The Democratic Progressive Party (DPP) on Wednesday passed rules on the academic integrity of party members registering for primaries ahead of the 2024 presidential and legislative elections, requiring them to sign a declaration stating they did not engage in academic misconduct in writing their thesis, and accepting strict punishment if they are later found to have lied.
The DPP Central Executive Committee held a meeting on Wednesday afternoon to discuss ways to improve its nomination process for fielding candidates in the elections scheduled for January 2024.
As accusations of plagiarism dogged several candidates in the 2022 local elections and became a point of contention, the party will in the future ask members registering to take part in primaries to sign a declaration stating that their theses met the terms of academic ethics, so as to restore public trust and improve the party's nomination process, according to a motion passed during the meeting.
Under the new mechanism approved at the meeting, DPP members will sign a declaration stating they did not engage in plagiarism, falsification or ghostwriting when writing their thesis, DPP Secretary-General Hsu Li-ming (???) said.
However, if a candidate fails the thesis standards employed by their alma mater after being checked for plagiarism, they will still be allowed to compete in the primary as long as they do not register the problematic degree as part of their personal information filed with the Central Election Commission if they win the primary.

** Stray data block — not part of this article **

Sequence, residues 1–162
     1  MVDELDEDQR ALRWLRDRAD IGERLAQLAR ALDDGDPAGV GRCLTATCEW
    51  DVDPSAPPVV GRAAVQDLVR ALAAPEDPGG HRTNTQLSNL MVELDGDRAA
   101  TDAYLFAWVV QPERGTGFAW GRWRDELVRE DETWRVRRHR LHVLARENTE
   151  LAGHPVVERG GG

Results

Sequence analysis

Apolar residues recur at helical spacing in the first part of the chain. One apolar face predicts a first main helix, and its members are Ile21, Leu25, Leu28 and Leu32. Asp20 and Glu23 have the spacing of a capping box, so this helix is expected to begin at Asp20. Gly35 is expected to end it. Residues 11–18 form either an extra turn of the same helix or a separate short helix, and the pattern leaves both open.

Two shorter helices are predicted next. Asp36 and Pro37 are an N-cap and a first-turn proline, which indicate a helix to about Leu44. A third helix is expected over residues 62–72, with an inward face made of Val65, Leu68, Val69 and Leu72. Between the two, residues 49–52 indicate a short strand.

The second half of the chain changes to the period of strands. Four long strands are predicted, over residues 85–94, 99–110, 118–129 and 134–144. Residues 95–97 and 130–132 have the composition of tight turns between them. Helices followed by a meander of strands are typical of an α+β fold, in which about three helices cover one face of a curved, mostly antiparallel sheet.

"The DPP was not the only political party with members facing questions regarding the originality of their theses and the acquisition of their academic degrees, but the DPP, as the ruling party, is willing to set an example by being the first political party to propose a solution…," DPP Chairman Lai Ching-te (???) said.
He also called on other political parties to follow suit and adopt measures designed to prevent similar controversies in the 2024 elections.
Former Hsinchu mayor Lin Chih-chien (???), the DPP's original Taoyuan mayoral candidate in November 2022, was forced to withdraw from the race after National Taiwan University (NTU) determined he plagiarized his thesis, which the university revoked with his master's degree at the NTU Graduate Institute of National Development.
The incident is considered to have contributed to the DPP's defeat in the 2022 local elections.
Asked by reporters whether the DPP will be unable to regulate members who plagiarize their theses if they do not list the relevant degrees, Lai said if members do not register problematic degrees when registering for primaries the party has no way of addressing the issue.
On Dec. 2 then Democratic Progressive Party Mayor of Taoyuan Cheng Wen-tsan (???) had his thesis revoked by National Taiwan University for plagiarism. After completing his term in office in late December, Chen was appointed to the position of deputy premier in the cabinet of new Premier Chen Chien-jen (???) in late January.
Source: Focus Taiwan News Channel